And then it passes through hills carved by erosion. Luckily there weren't many other people out that morning so we could make lots of stops on the one-way road.


And then the drive ends with one last view of the vast saltflats of the valley.


Thursday, December 28, 2023

Death Valley - Badwater Basin

Usually when we make trips out West and go hiking, I can blame me being worn out and tired on the elevation (instead of just being out of shape). But I didn't have that excuse this time, since a good portion of Death Valley sits below sea level. And one spot in Death Valley is the lowest spot in all of North America - Badwater Basin, which sits at an evaluation of -282 feet.


The small pool of water here is what actually gave the basin its name. It is a spring-fed pool, and back in the olden days a surveyor led his mule here to get a drink. The mule refused, because the water was "bad." Turns out it's not poisonous, just really salty. There are some aquatic animals that live in the pool, including the Badwater snail, which is only found here in this valley. The plants along the pool are pickleweed.


And another view of the pool, where the nearby mountains were reflected in the still waters.


Badwater Basin was once a large inland lake that completely evaporated tens of thousands of years ago. When it was gone, it left behind concentrated deposits of salt. Now the saltflat stretches on for about 200 square miles. It's hard to tell in the pictures, but the place is massive.


There usually isn't this much water here. This is all runoff from the hurricane that passed over the park a few months ago. Death Valley is a rocky place, with little to no vegetation. So all the rain that fell quickly ran down to the lowest point, where it has collected here. It won't absorb into the salt, so the water will remain until it's slowly evaporated away.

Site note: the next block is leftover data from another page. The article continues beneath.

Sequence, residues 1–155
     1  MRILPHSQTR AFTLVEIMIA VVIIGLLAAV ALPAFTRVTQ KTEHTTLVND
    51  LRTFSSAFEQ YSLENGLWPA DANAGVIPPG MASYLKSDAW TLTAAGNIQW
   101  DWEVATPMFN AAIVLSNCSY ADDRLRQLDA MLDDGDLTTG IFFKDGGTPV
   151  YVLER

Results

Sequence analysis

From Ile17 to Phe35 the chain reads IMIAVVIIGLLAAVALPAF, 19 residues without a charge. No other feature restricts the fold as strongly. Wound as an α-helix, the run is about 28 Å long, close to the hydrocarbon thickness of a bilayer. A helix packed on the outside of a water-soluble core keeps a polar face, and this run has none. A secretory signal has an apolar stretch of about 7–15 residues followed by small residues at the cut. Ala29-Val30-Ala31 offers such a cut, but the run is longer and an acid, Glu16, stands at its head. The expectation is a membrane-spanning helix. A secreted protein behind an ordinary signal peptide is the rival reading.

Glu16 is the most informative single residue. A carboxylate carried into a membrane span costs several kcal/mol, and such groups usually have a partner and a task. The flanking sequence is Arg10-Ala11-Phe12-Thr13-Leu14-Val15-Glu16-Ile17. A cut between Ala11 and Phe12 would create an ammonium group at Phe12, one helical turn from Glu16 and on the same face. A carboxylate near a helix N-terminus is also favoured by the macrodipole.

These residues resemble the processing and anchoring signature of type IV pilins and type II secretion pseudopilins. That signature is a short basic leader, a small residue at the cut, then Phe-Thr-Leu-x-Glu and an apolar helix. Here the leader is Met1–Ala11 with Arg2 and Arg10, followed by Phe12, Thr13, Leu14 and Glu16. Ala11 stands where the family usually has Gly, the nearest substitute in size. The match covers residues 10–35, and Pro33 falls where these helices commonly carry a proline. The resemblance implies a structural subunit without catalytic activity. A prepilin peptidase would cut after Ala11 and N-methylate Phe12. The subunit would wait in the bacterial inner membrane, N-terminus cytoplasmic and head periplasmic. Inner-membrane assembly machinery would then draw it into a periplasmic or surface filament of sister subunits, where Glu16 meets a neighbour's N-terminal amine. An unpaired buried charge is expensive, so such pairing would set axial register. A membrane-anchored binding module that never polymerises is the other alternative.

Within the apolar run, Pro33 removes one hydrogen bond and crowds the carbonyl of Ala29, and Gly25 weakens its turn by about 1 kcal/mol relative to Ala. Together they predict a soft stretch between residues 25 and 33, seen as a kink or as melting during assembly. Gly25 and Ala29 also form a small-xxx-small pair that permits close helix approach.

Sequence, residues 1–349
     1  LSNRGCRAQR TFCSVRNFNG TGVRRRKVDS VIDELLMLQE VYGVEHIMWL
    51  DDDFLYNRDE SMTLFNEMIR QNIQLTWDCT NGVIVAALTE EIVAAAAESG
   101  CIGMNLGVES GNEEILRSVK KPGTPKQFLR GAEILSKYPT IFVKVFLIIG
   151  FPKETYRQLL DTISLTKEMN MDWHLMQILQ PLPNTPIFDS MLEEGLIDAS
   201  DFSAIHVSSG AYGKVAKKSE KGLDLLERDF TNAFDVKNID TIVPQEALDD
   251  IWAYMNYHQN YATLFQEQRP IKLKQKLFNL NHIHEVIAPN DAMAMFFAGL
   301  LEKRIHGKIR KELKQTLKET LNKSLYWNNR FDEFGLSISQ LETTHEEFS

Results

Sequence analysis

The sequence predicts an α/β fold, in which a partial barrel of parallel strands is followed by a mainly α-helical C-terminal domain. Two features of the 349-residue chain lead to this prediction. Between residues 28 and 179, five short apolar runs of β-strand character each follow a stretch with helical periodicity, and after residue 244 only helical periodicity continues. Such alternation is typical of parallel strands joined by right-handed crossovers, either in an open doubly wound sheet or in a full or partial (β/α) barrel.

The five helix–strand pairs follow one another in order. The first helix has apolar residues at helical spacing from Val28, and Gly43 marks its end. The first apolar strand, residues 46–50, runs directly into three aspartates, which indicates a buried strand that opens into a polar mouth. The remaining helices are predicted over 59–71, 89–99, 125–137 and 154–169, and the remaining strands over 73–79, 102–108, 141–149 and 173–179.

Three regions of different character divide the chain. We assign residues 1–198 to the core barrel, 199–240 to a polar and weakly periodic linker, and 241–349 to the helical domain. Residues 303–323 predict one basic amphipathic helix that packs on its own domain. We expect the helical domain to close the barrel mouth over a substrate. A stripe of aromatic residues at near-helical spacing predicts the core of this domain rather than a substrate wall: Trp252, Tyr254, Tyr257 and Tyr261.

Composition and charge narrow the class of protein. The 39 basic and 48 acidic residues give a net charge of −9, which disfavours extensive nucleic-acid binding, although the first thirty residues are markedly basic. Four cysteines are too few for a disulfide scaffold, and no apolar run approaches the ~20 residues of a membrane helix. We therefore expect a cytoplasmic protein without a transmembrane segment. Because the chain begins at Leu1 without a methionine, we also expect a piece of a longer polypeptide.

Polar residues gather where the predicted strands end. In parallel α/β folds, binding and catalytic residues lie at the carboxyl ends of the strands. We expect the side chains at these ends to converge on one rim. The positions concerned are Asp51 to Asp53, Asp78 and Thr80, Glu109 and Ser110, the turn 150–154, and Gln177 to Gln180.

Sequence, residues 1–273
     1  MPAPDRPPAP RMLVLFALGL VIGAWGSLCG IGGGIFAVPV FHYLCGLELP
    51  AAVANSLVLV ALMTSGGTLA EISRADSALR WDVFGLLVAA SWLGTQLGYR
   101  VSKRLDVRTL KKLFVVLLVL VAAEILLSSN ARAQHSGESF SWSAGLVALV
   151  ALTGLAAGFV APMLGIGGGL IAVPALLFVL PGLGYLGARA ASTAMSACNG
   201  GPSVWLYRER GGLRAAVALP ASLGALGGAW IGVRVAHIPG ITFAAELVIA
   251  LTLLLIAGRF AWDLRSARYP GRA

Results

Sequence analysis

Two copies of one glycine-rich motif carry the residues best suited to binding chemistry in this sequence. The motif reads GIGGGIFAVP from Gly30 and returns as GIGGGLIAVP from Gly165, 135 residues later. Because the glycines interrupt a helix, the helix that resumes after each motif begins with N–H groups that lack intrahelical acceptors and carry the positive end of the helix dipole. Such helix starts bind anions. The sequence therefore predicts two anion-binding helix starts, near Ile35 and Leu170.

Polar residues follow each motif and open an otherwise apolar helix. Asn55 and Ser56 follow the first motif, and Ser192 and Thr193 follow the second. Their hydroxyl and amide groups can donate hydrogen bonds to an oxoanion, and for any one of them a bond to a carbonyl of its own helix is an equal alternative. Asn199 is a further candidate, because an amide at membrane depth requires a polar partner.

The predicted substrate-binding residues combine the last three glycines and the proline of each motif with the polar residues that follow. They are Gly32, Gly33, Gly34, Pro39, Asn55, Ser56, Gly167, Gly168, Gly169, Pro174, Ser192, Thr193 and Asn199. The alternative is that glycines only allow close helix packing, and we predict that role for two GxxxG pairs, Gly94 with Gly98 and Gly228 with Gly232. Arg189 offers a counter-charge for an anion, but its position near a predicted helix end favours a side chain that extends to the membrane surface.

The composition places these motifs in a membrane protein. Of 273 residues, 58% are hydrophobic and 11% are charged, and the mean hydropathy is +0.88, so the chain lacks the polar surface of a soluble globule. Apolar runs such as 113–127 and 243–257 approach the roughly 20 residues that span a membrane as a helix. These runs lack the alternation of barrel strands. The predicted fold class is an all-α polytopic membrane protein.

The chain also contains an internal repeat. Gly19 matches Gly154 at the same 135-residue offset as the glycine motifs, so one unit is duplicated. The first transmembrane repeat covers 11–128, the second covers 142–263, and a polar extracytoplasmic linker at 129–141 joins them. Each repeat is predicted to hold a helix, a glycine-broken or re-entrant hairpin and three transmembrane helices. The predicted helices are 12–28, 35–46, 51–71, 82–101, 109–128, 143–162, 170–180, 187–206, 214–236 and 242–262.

Badwater Basin is the lowest place in North America, but not the world. That distinction belongs to the Dead Sea, which has an elevation of -1,358 feet below sea level.


It had been bright and sunny all day, but some clouds appeared and helped to make a nice sunset that evening. The color in the sky reflected nicely in the waters of the ephemeral lake.


And one last view of the lake, and the salt formations in the shallow water. The last light of the day is beginning the fade out in the distance.



Wednesday, December 27, 2023

Death Valley - Devils Golf Course

There are many odd and bizarre landscapes in Death Valley, but perhaps the strangest place in the entire park is the Devils Golf Course.


The white stuff here, which looks like snow, is actually salt. The Devils Golf Course is a large saltpan, located at the bottom of Death Valley near Badwater Basin. About 150,000 years ago, this area was covered by an ancient lake, which had a depth of 30 feet. That lake evaporated entirely, but left behind a lot of dissolved minerals. Over time, the salt formations have been weathered and eroded into these jagged formations, which almost look like coral.


The area gets its name from the National Park Service guidebook in 1934, which said that "only the devil could play golf" here.


I'm sure some crazy people have probably tried to bring out some clubs and tried to hit a few golf balls from here. No doubt the NPS would surely frown upon that. But there is an actual golf course located not too far away by the Furnace Creek Visitor Center.



The golf course is massive, and stretches on across the horizon. You are free to hike across if it wish, but a sign advises to be careful since a fall onto the sharp formations would be painful.


We survived without any falls, and took some last pictures before heading out to Badwater Basin...